Although we reaffirm this court's holding in Sumner that the sentencing court's private consultations with members of the public concerning sentencing constitute error, we note that Sumner also mentions that the sentencing court consulted privately with other Judges, as well as members of the public. ( Sumner, 40 Ill. App. 3d at 838, 354 N.E.2d at 23.) We take this opportunity to clarify Sumner by explaining that it did not prohibit such consultations with fellow Judges.
The court in Sumner could have addressed the propriety of a Judge's conversations with other Judges, but declined to do so. Interestingly, however, the court cited section 7.1 of the A.B.A. Standards Relating to Sentencing Alternatives and Procedures (1968). Section 7.1 recommends that groups of trial Judges from the same court meet together periodically in sentencing councils to discuss the sentences to be later imposed in pending cases. While sentencing is a uniquely personal responsibility for a trial Judge, such Discussions might well assist the Judge and help avoid disparate sentences. Obviously, the choice of sentence must remain the sole responsibility of the Judge who will actually impose it.
Canon 3 of the Code of Judicial Conduct specifically authorizes a Judge to "consult with court personnel whose function is to aid the Judge in carrying out the Judge's adjudicative responsibilities or with other Judges." (Official Reports Advance Sheet No. 18 (Sept. 1, 1993), R. 63(A)(b) (eff. Aug. 6, 1993).) This authorization (which remains open to interpretation), when taken together with the policy behind section 7.1, suggests that conversations among trial Judges about sentencing in pending cases is not forbidden.
In reaching our Conclusion that the trial court's private interview constitutes reversible error, we have also considered section 5-4-1 of the Unified Code of Corrections (Unified Code) (Ill. Rev. Stat. 1991, ch. 38, par. 1005-4-1), which sets forth the actions the court shall take at the sentencing hearing. Needless to say, that section contains no authority for the court to conduct private interviews during the sentencing hearing. Because we view the court's action of conducting private interviews at the sentencing hearing as so fundamentally contrary to our legal traditions, we choose to view the absence of such authority as no legislative oversight. Thus, the court's actions violated the statutory scheme for sentencing hearings, as provided in section 5-4-1 of the Unified Code, and constitute reversible error for that reason alone. Accordingly, we need not address defendant's constitutional challenges to the court's actions.
The State argues that the trial court's actions were not improper. Alternatively, the State contends that if they were improper, because they were done with defendant's "permission," he suffered no prejudice. We find the State's arguments without merit.
The fact that the trial court disclosed its intentions prior to the interview, rather than after the fact, makes no difference regarding whether the ex parte communication was proper in the first instance. It was not. Further, we reject the State's characterization of defendant's role as that of a willing participant who, without reservation, gave the court "permission" to engage in this improper conduct. The court expressly indicated that it would not even consider the possibility of probation if defendant refused to agree to the private interview. Under these circumstances, no "permission" was given. We add that a defendant's consent, even if freely given, does not (and cannot) authorize a trial court to engage in this improper conduct.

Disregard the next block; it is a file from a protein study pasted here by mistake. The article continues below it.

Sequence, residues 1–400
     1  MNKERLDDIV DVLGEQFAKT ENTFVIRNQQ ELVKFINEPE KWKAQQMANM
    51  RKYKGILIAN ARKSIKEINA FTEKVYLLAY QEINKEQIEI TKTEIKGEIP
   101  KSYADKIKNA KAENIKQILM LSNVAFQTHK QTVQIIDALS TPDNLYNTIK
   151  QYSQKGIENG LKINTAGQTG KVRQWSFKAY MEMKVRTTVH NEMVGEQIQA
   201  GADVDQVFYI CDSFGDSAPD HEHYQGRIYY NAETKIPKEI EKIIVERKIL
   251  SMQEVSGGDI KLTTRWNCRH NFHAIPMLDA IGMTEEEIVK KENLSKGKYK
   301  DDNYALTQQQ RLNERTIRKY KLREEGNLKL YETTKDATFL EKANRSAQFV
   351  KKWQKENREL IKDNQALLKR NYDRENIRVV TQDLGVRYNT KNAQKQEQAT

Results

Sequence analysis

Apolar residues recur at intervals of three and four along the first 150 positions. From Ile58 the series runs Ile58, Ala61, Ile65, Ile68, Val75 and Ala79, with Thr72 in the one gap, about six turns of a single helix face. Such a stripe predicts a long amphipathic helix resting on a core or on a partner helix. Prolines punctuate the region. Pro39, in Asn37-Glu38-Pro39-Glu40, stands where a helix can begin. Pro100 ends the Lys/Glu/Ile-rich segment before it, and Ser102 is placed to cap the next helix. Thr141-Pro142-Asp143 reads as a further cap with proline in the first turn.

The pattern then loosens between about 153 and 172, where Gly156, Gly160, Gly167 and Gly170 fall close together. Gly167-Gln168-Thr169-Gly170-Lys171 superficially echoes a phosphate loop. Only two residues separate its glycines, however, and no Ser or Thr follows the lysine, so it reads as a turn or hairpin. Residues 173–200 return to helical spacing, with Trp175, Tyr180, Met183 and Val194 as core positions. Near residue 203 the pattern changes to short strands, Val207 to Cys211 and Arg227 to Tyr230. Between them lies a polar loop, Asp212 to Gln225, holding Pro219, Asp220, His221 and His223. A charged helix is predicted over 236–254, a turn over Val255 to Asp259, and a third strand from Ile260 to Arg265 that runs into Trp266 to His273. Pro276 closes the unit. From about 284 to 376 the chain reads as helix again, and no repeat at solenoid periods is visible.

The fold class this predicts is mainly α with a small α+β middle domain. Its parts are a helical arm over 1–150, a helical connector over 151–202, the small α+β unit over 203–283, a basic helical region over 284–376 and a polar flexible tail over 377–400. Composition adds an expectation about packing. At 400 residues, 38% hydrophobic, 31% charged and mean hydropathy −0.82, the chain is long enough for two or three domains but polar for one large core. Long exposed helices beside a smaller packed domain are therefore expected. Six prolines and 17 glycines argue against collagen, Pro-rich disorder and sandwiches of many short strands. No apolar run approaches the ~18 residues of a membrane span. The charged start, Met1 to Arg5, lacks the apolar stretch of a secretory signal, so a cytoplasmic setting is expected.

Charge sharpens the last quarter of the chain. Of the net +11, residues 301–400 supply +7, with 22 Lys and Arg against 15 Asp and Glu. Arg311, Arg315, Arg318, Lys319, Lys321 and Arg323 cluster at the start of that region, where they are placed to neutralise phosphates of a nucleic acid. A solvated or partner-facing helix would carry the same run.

We note the transcript of the interview shows that the trial court initially told the victim and his wife that sentencing was a judicial function which the court was not trying to "pass on" to them. Yet, by the close of the interview, when the victims questioned the propriety of probation, the court seems clearly to have indicated that unless the victim and his wife consented, the court would not sentence defendant to probation. Defendant argues that these statements also constitute reversible error because despite the court's protestations to the contrary, it did in fact delegate its sentencing function to the victim and his wife. Although we believe defendant's criticism has merit, we need not decide whether the court's remarks constitute reversible error because we have already found reversible error, requiring a new sentencing hearing.
Last, the State argues that defendant has failed to show prejudice because he originally agreed when he pleaded guilty to a four-year sentence. However, the issue of the appropriate sentence in this case is not before us. Had defendant been sentenced to a lesser punishment, the error the trial court committed would still require reversal. The only issue before us is whether the trial court's private interview of the victim and his wife constitutes reversible error, not whether defendant got what he deserved.
In his arguments on appeal, defendant specifically disclaims that the trial court harbored any improper motive. We agree. The record reveals the court's deep concern about the substantial amount of monetary loss suffered by the victims of this brutal crime and defendant's ability to satisfy a restitution award. Nonetheless, however well motivated the court may have been, the procedure it employed was improper.
For the reasons stated, we affirm defendant's conviction but vacate his sentence and remand the case to the circuit court of Logan County for resentencing before a different Judge.
Affirmed in part; vacated in part and remanded with directions.
KNECHT and LUND, JJ., concur.